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    Anna Kendrick makes ‘The Last Five Years’ memorable

    Thomas Concordia/RADiUS-TWC

    It’s possible that some actors are born at the wrong time. Anna Kendrick has been a petite, sharp-edged presence in movies for more than a decade now, able to navigate comedy or drama as necessary. She’s a scene-stealer (and Oscar nominee) in supporting roles, a reliable pleasure when she gets a lead. Yet if you saw her in 2003’s “Camp,” in which the 18-year-old Kendrick positively murdered Sondheim’s “The Ladies Who Lunch,” you know that the girl was put on this earth to sing.

    Sadly, we live in a time in which movie musicals aren’t bread-and-butter entertainment but occasional exotica. Kendrick has lucked out more than most: She was in the 2012 a cappella hit “Pitch Perfect” and plays a winsome Cinderella in the current “Into the Woods.” Still, when “The Last Five Years” opens on a forlorn Cathy (Kendrick) at the end of her marriage, her voice trying to soar and failing as she sings, “Jamie is over and Jamie is gone/ Jamie’s decided it’s time to move on/ Jamie has new dreams he’s building upon/ And I’m still hurting” — it’s as if a wandering talent has found its way home.

    “The Last Five Years” is a pretty good movie expansion of a pretty good stage musical; what bumps it up into contention and makes it of interest beyond devotees of musical theater — you know who you are — is Kendrick, who plays the more neurotic half of a young couple with her emotions out there on her skin and in her voice. In this through-sung story of a starter marriage, you grieve for only one of the parties, and there’s a reason for that.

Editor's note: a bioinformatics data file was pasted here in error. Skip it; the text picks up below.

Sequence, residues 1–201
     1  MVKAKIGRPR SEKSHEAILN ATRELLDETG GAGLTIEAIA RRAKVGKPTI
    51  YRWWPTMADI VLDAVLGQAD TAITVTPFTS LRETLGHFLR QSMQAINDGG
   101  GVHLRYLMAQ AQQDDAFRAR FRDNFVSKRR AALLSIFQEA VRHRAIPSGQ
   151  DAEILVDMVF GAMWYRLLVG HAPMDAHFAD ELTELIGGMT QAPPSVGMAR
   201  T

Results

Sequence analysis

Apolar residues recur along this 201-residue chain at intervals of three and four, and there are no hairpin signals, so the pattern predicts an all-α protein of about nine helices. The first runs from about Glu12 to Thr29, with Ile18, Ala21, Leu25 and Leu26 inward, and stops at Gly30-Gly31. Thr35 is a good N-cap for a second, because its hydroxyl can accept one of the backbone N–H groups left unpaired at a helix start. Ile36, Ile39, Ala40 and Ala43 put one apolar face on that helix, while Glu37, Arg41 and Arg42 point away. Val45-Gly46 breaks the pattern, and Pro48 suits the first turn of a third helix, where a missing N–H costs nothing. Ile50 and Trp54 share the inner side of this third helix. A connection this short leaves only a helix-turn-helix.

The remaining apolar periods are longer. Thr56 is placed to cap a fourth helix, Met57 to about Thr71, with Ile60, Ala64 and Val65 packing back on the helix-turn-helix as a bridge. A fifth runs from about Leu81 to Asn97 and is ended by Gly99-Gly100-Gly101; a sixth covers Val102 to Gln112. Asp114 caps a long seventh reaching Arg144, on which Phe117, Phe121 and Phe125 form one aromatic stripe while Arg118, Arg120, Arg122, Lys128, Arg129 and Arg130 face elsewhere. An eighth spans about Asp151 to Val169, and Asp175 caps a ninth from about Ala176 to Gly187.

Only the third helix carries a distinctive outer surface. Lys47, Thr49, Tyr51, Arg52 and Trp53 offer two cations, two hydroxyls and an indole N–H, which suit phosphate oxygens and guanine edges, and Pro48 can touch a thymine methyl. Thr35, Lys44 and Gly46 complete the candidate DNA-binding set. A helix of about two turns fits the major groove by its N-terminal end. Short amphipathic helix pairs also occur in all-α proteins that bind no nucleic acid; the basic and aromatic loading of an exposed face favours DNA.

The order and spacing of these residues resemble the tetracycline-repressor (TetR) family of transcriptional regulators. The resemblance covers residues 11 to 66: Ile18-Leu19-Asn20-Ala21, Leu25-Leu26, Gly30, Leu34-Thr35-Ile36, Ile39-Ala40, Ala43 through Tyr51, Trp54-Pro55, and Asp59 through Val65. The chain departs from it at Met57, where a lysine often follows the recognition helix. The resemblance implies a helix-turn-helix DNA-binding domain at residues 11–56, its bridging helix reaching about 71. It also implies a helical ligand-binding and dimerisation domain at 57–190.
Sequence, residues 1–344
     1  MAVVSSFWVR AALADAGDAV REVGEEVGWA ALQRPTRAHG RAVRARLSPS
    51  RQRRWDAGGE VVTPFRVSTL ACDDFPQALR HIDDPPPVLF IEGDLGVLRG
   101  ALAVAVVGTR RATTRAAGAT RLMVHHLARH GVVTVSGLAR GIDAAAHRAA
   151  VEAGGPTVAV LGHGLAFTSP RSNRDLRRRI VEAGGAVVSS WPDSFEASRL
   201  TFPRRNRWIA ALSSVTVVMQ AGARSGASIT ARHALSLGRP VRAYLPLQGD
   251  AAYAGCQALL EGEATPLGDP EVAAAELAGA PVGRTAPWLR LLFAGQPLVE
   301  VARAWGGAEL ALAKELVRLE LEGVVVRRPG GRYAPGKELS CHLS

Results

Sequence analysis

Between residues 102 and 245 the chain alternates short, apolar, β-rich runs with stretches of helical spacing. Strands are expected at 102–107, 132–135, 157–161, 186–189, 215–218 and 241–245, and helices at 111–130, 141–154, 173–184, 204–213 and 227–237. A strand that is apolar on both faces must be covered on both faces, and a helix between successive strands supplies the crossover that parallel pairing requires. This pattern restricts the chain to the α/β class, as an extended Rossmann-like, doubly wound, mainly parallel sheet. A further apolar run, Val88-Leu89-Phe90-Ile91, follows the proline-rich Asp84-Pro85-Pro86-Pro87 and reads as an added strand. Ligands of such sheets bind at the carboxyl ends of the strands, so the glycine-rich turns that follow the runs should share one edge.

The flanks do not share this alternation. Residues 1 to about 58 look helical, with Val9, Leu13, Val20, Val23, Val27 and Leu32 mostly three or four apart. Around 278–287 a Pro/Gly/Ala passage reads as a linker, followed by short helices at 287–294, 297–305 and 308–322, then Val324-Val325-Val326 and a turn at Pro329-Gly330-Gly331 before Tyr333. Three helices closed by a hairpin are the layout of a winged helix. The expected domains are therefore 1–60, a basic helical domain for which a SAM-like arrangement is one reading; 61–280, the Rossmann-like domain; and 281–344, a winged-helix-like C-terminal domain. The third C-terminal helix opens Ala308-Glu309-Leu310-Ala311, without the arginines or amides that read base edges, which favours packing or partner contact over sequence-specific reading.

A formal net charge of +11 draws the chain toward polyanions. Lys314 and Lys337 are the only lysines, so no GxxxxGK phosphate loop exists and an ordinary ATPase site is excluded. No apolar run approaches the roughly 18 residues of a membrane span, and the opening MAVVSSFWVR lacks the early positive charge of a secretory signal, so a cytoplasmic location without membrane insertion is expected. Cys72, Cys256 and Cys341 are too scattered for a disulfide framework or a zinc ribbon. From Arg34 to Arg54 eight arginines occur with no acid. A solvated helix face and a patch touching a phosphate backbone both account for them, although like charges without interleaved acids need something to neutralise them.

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    The musical, first staged in 2002, was written by Jason Robert Brown, and it rests on a sub-Sondheim gimmick: Cathy’s scenes (and songs) play out in reverse order, from breakup to new love, while her husband, Jamie (Jeremy Jordan, best known for Broadway’s “Newsies,” American Repertory Theater’s “Finding Neverland,” and TV’s short-lived “Smash”), has his scenes unfold in the usual direction. The couple only meet, chronologically speaking, at the show’s center, like two people gazing at each other through a revolving door.

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    On stage, this concept is easy to illustrate (and fudge) through lighting and blocking. In a movie — at least the movie that adapter-director Richard LaGravenese has made — realism demands that the action be brought out into actual apartments, parties, book readings, subway cars, and even outdoors. Sometimes this works: the first two numbers, the aforementioned “I’m Still Hurting” (Cathy) and “Shiksa Goddess” (Jamie), exchange the stage’s formal frame for the unexpected intimacy of movie close-ups. And sometimes it doesn’t: the third song, “See, I’m Smiling” (Cathy), takes place on a sunny lakefront, and the realism grimly exposes the self-conscious artifice that can plague modern musical theater.

    “The Last Five Years” rights itself from there; the movie’s short, the songs are good (if too similar), and Kendrick throbs like a plucked string. The movie’s imbalance comes mostly because we connect with her character and less with Jordan’s Jamie. I’m not sure this is entirely the actor’s fault; if anything, his voice is a more flexible dramatic instrument than Kendrick’s, which threatens to go up her nose every so often. But “The Last Five Years” is about a marriage between one partner who makes it and one who doesn’t — Jamie’s a novelist who finds quick success and Cathy’s an actress who never gets past summer stock (viz., the very funny “Summer in Ohio”). Our sympathies tend toward the underdog even when she’s not played this vibrantly.

    It’s also hard to buy Jamie as a Great Writer when nothing we hear of his work is very impressive and when Jordan’s performance is sensitive but ultimately shallow. Or is it because the backward/forward conceit of “The Last Five Years” allows us to see him as a cad from the start? Whatever the case, Jordan comes out of this movie respectably, while Kendrick comes out of it a star. In fact, she’s potentially the first great movie musical star of her generation. That and a MetroCard gets her on the subway.

    Ty Burr can be reached at tburr@globe.com.